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On The Ridiculous Titles Assumed By Italian Academies
by [?]

The Italians are a fanciful people, who have often mixed a grain or two of pleasantry and even of folly with their wisdom. This fanciful character betrays itself in their architecture, in their poetry, in their extemporary comedy, and their Improvisatori; but an instance not yet accounted for of this national levity, appears in those denominations of exquisite absurdity given by themselves to their Academies! I have in vain inquired for any assignable reason why the most ingenious men, and grave and illustrious personages, cardinals, and princes, as well as poets, scholars, and artists, in every literary city, should voluntarily choose to burlesque themselves and their serious occupations, by affecting mysterious or ludicrous titles, as if it were carnival-time, and they had to support masquerade characters, and accepting such titles as we find in the cant style of our own vulgar clubs, the Society of “Odd Fellows,” and of “Eccentrics!” A principle so whimsical but systematic must surely have originated in some circumstance not hitherto detected.

A literary friend, recently in an Italian city exhausted by the sirocco, entered a house whose open door and circular seats appeared to offer to passengers a refreshing sorbetto; he discovered, however, that he had got into “the Academy of the Cameleons,” where they met to delight their brothers, and any “spirito gentil” they could nail to a recitation. An invitation to join the academicians alarmed him, for with some impatient prejudice against these little creatures, vocal with prose e rime, and usually with odes and sonnets begged for, or purloined for the occasion, he waived all further curiosity and courtesy, and has returned home without any information how these “Cameleons” looked, when changing their colours in an “accademia.”

Such literary institutions, prevalent in Italy, are the spurious remains of those numerous academies which simultaneously started up in that country about the sixteenth century. They assumed the most ridiculous denominations, and a great number is registered by Quadrio and Tiraboschi. Whatever was their design, one cannot fairly reproach them, as Mencken, in his “Charlatanaria Eruditorum,” seems to have thought, for pompous quackery; neither can we attribute to their modesty their choice of senseless titles, for to have degraded their own exalted pursuits was but folly! Literary history affords no parallel to this national absurdity of the refined Italians. Who could have suspected that the most eminent scholars, and men of genius, were associates of the Oziosi, the Fantastici, the Insensati? Why should Genoa boast of her “Sleepy,” Yiterbo of her “Obstinates,” Sienna of her “Insipids,” her “Blockheads,” and her “Thunderstruck;” and Naples of her “Furiosi:” while Macerata exults in her “Madmen chained?” Both Quadrio and Tiraboschi cannot deny that these fantastical titles have occasioned these Italian academies to appear very ridiculous to the oltramontani; but these valuable historians are no philosophical thinkers. They apologise for this bad taste, by describing the ardour which was kindled throughout Italy at the restoration of letters and the fine arts, so that every one, and even every man of genius, were eager to enrol their names in these academies, and prided themselves in bearing their emblems, that is, the distinctive arms each academy had chosen. But why did they mystify themselves?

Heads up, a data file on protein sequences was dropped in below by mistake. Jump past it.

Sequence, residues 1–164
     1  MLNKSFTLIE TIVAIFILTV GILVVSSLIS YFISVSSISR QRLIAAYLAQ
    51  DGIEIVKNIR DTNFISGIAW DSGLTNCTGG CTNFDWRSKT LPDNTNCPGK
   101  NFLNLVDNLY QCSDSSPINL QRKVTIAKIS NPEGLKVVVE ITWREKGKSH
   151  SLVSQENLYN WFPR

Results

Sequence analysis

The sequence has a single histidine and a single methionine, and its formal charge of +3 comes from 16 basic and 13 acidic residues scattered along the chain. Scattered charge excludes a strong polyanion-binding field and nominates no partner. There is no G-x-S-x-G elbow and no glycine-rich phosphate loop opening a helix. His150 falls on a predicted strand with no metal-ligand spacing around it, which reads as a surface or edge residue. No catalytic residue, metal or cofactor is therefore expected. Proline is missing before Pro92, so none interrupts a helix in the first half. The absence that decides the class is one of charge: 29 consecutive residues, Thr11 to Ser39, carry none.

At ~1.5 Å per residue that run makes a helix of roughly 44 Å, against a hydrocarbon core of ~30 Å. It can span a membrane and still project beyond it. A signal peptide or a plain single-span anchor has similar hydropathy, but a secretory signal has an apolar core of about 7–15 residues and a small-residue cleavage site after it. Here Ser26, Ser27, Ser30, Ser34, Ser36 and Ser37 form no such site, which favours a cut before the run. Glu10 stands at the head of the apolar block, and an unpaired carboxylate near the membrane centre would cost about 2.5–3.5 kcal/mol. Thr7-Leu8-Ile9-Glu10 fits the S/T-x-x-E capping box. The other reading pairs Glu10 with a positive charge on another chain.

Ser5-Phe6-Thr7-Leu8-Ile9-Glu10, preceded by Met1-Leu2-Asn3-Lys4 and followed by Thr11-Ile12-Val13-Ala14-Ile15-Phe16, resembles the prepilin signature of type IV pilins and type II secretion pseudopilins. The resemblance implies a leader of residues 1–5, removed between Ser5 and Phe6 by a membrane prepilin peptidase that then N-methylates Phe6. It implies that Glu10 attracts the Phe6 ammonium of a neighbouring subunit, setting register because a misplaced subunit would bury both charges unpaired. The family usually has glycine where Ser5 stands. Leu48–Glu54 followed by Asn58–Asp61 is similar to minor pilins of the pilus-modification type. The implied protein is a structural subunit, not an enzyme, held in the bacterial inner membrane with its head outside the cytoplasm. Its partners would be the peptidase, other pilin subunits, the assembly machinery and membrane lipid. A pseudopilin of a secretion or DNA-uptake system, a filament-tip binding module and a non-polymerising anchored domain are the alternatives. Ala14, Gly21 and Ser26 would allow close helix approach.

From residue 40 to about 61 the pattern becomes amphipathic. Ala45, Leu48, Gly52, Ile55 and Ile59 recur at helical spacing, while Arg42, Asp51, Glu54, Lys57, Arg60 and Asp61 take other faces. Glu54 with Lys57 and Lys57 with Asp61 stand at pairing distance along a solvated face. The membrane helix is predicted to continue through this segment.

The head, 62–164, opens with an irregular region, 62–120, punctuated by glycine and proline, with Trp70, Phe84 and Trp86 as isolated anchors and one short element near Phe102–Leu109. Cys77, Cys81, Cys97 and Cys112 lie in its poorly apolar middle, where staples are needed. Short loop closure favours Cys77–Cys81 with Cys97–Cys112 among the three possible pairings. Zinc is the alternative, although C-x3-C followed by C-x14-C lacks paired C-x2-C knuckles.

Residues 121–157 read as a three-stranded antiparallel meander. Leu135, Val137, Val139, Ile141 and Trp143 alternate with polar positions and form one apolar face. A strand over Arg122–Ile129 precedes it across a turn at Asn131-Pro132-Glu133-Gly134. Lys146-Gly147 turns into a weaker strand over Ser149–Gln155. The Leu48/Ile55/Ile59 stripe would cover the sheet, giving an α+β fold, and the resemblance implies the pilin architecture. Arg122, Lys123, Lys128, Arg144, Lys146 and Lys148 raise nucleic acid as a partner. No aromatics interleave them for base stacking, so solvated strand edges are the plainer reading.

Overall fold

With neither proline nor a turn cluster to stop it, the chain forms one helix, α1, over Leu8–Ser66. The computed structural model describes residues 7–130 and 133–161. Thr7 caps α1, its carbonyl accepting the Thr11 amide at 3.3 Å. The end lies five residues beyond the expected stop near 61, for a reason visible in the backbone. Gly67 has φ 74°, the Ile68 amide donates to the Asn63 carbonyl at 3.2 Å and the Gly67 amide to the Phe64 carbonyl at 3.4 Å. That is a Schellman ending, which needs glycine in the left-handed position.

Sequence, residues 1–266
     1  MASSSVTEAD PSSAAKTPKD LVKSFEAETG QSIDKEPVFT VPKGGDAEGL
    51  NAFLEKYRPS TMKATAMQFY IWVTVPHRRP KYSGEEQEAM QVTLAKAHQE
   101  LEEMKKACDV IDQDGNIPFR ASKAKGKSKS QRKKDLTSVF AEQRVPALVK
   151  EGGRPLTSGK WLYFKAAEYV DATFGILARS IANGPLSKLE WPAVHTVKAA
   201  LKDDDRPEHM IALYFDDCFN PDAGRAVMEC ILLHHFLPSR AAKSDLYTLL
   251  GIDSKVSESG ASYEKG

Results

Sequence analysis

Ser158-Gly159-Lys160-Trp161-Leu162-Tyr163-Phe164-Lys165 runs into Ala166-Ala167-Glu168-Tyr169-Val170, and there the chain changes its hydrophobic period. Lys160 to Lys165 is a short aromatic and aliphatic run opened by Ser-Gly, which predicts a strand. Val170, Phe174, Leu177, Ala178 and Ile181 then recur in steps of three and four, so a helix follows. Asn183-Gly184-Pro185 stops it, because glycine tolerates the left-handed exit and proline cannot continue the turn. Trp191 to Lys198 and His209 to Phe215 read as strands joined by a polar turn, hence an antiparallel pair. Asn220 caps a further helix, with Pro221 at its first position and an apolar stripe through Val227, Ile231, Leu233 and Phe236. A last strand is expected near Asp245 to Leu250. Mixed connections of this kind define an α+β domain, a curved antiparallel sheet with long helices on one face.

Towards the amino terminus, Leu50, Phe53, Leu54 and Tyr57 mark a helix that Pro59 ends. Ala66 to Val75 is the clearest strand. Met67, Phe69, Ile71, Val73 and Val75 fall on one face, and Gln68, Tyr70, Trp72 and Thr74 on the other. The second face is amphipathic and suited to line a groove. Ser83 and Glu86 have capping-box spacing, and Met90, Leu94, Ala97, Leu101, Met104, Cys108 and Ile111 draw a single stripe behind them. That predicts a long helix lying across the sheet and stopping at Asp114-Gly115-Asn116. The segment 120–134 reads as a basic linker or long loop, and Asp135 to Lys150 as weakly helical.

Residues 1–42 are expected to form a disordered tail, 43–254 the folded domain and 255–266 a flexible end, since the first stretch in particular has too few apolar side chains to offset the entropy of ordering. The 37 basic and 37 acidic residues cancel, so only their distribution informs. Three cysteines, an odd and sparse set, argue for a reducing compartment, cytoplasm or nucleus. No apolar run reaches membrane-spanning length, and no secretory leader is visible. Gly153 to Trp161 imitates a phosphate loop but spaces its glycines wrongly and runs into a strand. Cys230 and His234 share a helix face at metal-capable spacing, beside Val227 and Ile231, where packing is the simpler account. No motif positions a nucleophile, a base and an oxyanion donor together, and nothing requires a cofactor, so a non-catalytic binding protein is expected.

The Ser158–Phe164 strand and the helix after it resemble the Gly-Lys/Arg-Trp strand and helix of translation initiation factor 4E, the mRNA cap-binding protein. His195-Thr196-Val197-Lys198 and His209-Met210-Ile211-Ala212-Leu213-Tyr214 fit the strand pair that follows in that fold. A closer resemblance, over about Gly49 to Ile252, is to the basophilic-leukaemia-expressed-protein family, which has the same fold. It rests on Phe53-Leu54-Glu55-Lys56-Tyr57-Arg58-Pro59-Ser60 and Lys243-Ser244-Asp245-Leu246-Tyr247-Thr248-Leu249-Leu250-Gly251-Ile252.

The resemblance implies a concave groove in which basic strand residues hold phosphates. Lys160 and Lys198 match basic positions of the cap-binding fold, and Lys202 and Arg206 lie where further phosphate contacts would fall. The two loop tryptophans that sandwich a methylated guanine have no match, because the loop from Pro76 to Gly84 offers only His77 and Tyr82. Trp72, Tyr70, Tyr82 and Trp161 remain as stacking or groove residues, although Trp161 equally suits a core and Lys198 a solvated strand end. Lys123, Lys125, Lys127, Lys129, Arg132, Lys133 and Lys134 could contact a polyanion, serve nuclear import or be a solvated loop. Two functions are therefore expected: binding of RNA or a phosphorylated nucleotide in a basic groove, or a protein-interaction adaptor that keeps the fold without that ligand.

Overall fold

Folly, once become national, is a vigorous plant, which sheds abundant seed. The consequence of having adopted ridiculous titles for these academies suggested to them many other characteristic fopperies. At Florence every brother of the “Umidi” assumed the name of something aquatic, or any quality pertaining to humidity. One was called “the Frozen,” another “the Damp;” one was “the Pike,” another “the Swan:” and Grazzini, the celebrated novelist, is known better by the cognomen of La Lasca, “the Roach,” by which he whimsically designates himself among the “Humids.” I find among the Insensati, one man of learning taking the name of STORDIDO Insensato, another TENEBROSO Insensato. The famous Florentine academy of La Crusca, amidst their grave labours to sift and purify their language, threw themselves headlong into this vortex of folly. Their title, the academy of “Bran,” was a conceit to indicate their art of sifting; but it required an Italian prodigality of conceit to have induced these grave scholars to exhibit themselves in the burlesque scenery of a pantomimical academy, for their furniture consists of a mill and a bakehouse; a pulpit for the orator is a hopper, while the learned director sits on a mill-stone; the other seats have the forms of a miller’s dossers, or great panniers, and the backs consist of the long shovels used in ovens. The table is a baker’s kneading-trough, and the academician who reads has half his body thrust out of a great bolting sack, with I know not what else for their inkstands and portfolios. But the most celebrated of these academies is that “degli Arcadi,” at Rome, who are still carrying on their pretensions much higher. Whoever aspires to be aggregated to these Arcadian shepherds receives a personal name and a title, but not the deeds, of a farm, picked out of a map of the ancient Arcadia or its environs; for Arcadia itself soon became too small a possession for these partitioners of moon-shine. Their laws, modelled by the twelve tables of the ancient Romans; their language in the venerable majesty of their renowned ancestors; and this erudite democracy dating by the Grecian Olympiads, which Crescembini, their first custode, or guardian, most painfully adjusted to the vulgar era, were designed that the sacred erudition of antiquity might for ever be present among these shepherds.[1] Goldoni, in his Memoirs, has given an amusing account of these honours. He says “He was presented with two diplomas; the one was my charter of aggregation to the Arcadi of Rome, under the name of Polisseno, the other gave me the investiture of the Phlegraean fields. I was on this saluted by the whole assembly in chorus, under the name of Polisseno Phlegraeio, and embraced by them as a fellow-shepherd and brother. The Arcadians are very rich, as you may perceive, my dear reader: we possess estates in Greece; we water them with our labours for the sake of reaping laurels, and the Turks sow them with grain, and plant them with vines, and laugh at both our titles and our songs.” When Fontenelle became an Arcadian, they baptized the new Pastor by their graceful diminutive–Fontanella–allusive to the charm, of his style; and further they magnificently presented him with the entire Isle of Delos! The late Joseph Walker, an enthusiast for Italian literature, dedicated his “Memoir on Italian Tragedy” to the Countess Spencer; not inscribing it with his Christian but his heathen name, and the title of his Arcadian estate, Eubante Tirinzio! Plain Joseph Walker, in his masquerade dress, with his Arcadian signet of Pan’s reeds dangling in his title-page, was performing a character to which, however well adapted, not being understood, he got stared at for his affectation! We have lately heard of some licentious revellings of these Arcadians, in receiving a man of genius from our own country, who, himself composing Italian Rime, had “conceit” enough to become a shepherd![2] Yet let us inquire before we criticise.